• Lincoln Is Re-Elected

    Lincoln Is Re-Elected
    The Republican party nominated President Abraham Lincoln as its presidential candidate, and Andrew Johnson for vice-president. The Democratic party chose General George B. McClellan for president, and George Pendleton for vice-president
  • Fort Fisher

    Fort Fisher
    After Admiral David D. Porter's squadron of warships had subjected Fort Fisher to a terrific bombardment, General Alfred H. Terry's troops took it by storm on January 15, and Wilmington, North Carolina, the last resort of the blockade-runners, was sealed off. Timothy H. O'Sullivan promptly recorded the strength of the works and the effects of the bombardment
  • The Fall of the Confederacy

    The Fall of the Confederacy
    Transportation problems and successful blockades caused severe shortages of food and supplies in the South which cause Leee's starving soldiers to desert his forces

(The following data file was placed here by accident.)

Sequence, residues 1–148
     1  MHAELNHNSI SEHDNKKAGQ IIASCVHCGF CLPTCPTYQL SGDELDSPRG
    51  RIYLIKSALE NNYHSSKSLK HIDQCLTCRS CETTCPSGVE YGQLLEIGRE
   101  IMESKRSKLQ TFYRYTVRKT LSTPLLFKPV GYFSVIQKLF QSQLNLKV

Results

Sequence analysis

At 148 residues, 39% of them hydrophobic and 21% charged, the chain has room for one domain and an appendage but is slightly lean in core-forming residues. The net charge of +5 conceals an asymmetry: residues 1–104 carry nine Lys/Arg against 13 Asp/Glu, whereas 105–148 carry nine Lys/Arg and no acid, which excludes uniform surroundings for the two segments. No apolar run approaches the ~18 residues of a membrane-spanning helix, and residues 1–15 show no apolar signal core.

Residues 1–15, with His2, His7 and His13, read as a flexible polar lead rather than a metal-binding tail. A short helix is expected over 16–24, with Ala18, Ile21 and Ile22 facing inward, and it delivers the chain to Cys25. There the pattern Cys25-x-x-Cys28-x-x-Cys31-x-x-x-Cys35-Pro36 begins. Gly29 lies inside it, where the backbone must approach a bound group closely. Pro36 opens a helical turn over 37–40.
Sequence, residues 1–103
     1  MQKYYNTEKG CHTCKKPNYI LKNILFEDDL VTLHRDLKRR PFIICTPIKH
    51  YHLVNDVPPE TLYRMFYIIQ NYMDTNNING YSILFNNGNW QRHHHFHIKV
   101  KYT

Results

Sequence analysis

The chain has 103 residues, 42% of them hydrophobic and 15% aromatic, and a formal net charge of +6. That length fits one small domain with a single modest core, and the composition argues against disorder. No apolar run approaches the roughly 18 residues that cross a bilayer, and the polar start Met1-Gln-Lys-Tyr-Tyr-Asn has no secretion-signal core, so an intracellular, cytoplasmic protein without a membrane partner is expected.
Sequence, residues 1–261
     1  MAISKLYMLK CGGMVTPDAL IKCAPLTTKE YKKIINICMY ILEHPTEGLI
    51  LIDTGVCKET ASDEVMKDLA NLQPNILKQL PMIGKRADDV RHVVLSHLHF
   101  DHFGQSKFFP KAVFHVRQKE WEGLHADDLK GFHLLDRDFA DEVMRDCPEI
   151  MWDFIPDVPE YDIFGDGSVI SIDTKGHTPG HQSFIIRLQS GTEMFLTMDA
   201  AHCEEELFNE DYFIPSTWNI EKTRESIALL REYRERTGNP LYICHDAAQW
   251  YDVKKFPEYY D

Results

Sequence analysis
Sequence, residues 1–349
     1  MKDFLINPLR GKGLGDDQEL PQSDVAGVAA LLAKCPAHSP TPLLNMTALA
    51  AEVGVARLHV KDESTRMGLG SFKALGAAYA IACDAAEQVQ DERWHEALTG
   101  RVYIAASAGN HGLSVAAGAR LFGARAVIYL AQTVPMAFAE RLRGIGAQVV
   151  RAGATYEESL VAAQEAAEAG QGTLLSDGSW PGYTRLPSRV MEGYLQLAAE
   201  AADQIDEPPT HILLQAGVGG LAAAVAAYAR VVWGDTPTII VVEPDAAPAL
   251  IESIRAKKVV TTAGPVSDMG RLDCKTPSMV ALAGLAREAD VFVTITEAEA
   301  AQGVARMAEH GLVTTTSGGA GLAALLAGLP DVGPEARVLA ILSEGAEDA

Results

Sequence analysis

• Sherman Marches through North and South Carolina

    Sherman Marches through North and South Carolina
    Union General Sherman moved from Georgia through South Carolina, destroying almost everything in his path
  • Lee Loses Richmond

    Lee Loses Richmond
    On March 25, General Lee attacked General Grant's forces near Petersburg, but was defeated -- attacking and losing again on April 1. On April 2, Lee evacuated Richmond, the Confederate capital, and headed west to join with other forces.
  • Surrender at Appomattox Courthouse

    Surrender at Appomattox Courthouse
    General Lee's troops were soon surrounded, and on April 7, Grant called upon Lee to surrender. On April 9, the two commanders met at Appomattox Courthouse, and agreed on the terms of surrender. Lee's men were sent home on parole -- soldiers with their horses, and officers with their side arms. All other equipment was surrendered.
  • Lincoln Assinatinon

    Lincoln Assinatinon
    On April 14, as President Lincoln was watching a performance of "Our American Cousin" at Ford's Theater in Washington, D.C., he was shot by John Wilkes Booth, an actor from Maryland obsessed with avenging the Confederate defeat. Lincoln died the next morning. Booth escaped to Virginia. Eleven days later, cornered in a burning barn, Booth was fatally shot by a Union soldier. Nine other people were involved in the assassination; four were hanged, four imprisoned, and one acquitted